KUALA LUMPUR, Malaysia (AP) -- A match-fixing investigation in Lebanon produced no evidence that a national team defender helped Qatar win a 2014 World Cup qualifier, the Asian Football Confederation said Thursday.
Attempting to control widespread speculation on the match, the Asian governing body said it studied a summary report from an investigation into match-fixing and bribery ordered by the Lebanon Football Association.
"AFC has no knowledge on any suspicion surrounding Lebanon's ... 2014 FIFA World Cup qualifying matches," it said in a statement.
On Monday, the Lebanon FA banned national team defender Ramez Dayoub for life among 24 players receiving suspensions of at least one season. They included six players who have represented Lebanon in its ongoing campaign to qualify for the World Cup.
The sanctions revived speculation on Dayoub's misplaced pass which led to Qatar's goal in a 1-0 win in Beirut last June. The match began the fourth round of Asian qualifying with the top two finishers advancing to Brazil from a five-team group that includes Iran, South Korea and Uzbekistan. Lebanon is last in the group but remains in contention.
Lebanon coach Theo Buecker has said that "after seeing this from Dayoub, I kicked him out" of the team.
In an interview published Thursday in the United Arab Emirates sports daily Sport360, Buecker said he is "broken" by the scandal and will consider whether to quit as coach of the national side over the next couple of days.
"I don't know yet what I will do. I need to speak to the board and president," he said. "I can't say whether I will continue or not. Inside, I'm broken. I need to think things over and make the right decision."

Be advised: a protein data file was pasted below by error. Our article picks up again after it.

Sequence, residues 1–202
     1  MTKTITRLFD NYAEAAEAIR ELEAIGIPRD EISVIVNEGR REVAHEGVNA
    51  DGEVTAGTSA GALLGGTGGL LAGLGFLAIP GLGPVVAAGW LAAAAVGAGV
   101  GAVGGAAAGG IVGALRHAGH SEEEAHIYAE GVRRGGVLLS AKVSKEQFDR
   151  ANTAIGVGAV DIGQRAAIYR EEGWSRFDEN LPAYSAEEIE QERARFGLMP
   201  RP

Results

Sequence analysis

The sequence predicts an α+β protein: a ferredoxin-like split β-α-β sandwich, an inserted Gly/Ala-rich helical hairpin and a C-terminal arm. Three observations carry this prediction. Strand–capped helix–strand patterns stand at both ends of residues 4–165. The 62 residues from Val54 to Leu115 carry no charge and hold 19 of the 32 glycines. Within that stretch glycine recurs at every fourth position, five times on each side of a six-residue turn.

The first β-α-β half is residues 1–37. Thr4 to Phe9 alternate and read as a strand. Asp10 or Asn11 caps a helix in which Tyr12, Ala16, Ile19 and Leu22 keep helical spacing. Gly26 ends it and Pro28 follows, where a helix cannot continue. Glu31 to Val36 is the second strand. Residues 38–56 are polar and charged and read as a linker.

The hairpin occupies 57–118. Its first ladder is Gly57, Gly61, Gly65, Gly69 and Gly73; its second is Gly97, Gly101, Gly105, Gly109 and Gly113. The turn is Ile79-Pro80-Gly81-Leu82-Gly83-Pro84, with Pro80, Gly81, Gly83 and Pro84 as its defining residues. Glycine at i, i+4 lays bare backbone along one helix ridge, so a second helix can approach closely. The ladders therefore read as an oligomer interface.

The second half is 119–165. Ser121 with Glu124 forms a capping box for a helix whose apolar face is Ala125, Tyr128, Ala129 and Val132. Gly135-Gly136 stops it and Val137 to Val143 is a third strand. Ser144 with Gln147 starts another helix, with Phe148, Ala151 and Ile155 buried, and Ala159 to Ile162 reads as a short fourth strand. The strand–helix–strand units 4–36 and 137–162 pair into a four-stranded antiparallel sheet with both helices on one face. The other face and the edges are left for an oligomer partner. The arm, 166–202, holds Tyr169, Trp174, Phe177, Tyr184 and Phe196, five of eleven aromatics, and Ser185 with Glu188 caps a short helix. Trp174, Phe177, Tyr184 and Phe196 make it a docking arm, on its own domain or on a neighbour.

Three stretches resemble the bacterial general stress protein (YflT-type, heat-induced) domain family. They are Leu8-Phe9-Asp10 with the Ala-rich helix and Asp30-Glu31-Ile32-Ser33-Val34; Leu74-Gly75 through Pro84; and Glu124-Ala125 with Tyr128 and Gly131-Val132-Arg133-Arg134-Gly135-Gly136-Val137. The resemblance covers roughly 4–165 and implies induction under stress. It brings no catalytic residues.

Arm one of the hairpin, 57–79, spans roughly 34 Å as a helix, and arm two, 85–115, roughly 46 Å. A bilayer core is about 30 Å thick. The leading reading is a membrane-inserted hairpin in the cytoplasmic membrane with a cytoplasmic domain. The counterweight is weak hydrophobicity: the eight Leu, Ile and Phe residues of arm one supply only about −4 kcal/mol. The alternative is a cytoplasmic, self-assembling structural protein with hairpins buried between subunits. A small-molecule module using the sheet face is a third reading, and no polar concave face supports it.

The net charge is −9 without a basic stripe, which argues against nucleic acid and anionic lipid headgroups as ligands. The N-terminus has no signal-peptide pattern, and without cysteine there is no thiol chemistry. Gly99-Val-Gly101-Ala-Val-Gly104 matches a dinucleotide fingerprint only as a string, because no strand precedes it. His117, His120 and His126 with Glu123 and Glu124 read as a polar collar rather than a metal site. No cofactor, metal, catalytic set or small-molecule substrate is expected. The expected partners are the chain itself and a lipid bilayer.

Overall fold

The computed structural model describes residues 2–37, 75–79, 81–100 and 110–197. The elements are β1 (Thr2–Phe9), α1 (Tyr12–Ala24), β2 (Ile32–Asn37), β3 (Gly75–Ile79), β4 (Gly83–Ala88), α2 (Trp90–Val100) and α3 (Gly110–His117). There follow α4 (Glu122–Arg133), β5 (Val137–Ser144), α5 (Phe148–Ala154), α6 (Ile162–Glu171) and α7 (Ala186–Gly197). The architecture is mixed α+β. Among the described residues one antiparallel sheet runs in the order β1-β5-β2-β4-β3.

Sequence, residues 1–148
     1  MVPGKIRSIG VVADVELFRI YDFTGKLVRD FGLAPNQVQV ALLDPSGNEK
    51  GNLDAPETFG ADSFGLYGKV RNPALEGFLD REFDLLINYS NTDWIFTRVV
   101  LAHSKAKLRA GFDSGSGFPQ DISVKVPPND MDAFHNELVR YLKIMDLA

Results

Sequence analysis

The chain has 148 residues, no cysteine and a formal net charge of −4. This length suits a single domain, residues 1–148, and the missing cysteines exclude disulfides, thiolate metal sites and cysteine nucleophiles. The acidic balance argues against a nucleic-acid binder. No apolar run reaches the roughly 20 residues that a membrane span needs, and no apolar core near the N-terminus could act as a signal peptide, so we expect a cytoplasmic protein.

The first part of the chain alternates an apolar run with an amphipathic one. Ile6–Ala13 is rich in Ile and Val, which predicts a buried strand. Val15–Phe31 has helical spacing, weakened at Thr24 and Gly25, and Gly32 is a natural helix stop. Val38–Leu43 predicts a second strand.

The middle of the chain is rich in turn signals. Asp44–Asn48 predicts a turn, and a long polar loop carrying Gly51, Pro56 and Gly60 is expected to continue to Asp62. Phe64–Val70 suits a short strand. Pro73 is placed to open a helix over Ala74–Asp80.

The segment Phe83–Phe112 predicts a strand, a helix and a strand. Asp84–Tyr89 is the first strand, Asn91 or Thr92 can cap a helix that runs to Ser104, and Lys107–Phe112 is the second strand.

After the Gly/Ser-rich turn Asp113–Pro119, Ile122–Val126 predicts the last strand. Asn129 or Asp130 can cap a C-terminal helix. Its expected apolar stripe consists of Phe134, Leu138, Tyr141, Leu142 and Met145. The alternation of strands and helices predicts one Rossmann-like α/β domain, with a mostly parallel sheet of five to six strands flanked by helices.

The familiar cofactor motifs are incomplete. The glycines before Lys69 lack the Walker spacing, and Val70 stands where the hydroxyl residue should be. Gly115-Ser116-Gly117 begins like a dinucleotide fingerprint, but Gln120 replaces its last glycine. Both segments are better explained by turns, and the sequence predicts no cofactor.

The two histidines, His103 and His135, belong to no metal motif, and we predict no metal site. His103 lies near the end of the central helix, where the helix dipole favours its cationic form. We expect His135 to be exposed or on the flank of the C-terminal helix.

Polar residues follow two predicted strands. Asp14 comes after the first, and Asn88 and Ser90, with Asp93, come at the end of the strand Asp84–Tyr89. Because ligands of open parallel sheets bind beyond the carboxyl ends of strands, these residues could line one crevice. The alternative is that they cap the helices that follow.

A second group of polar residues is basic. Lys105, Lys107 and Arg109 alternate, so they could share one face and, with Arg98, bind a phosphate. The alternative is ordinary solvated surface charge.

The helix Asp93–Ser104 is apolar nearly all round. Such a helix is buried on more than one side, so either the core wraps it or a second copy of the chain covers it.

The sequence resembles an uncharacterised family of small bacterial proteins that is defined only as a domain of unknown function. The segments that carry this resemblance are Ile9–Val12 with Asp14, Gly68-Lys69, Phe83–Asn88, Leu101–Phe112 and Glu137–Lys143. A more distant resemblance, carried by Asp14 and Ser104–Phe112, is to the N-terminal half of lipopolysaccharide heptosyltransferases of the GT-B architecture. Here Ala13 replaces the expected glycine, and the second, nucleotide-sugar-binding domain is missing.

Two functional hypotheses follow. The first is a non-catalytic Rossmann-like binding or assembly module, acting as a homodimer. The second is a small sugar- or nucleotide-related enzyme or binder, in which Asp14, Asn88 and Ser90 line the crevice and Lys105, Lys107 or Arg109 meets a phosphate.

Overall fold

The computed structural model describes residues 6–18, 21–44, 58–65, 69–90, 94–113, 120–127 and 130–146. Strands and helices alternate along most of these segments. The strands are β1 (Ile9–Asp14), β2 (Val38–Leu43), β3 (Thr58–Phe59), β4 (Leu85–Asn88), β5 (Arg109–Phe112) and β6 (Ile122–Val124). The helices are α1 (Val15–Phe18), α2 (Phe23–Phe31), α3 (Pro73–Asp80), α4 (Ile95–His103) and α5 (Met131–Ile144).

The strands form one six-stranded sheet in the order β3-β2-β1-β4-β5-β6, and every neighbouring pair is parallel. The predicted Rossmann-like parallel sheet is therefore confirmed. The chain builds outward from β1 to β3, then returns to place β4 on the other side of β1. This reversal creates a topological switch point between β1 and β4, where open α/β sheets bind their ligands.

Buecker also he felt let down by the football establishment in Lebanon, which has had a history of match-fixing problems.
"Personally, I am very disappointed with a couple of guys I really trusted," he said. "I was putting a lot of effort, a lot of time a lot of work into making a path in this country, and some really stupid idiots have destroyed everything."
The AFC congratulated the Lebanon FA on its actions, and has requested "the full investigation report."
Lebanese officials, who invited Jordan FA general secretary Fadi Zreiqat to investigate the case, concluded that players took money to lose domestic and other matches in Asia for betting scams.
"AFC has also set up an internal task force to educate the member associations on ways and measures to combat this menace, and monitor and coordinate with everyone involved to fight match-fixing in AFC competitions," the governing body said.
All 24 players, including Dayoub, who played in Malaysia for Selangor, and two other players representing clubs outside Lebanon, were also suspended across the AFC's 46 member countries.
FIFA will be asked to extend the sanctions to apply worldwide.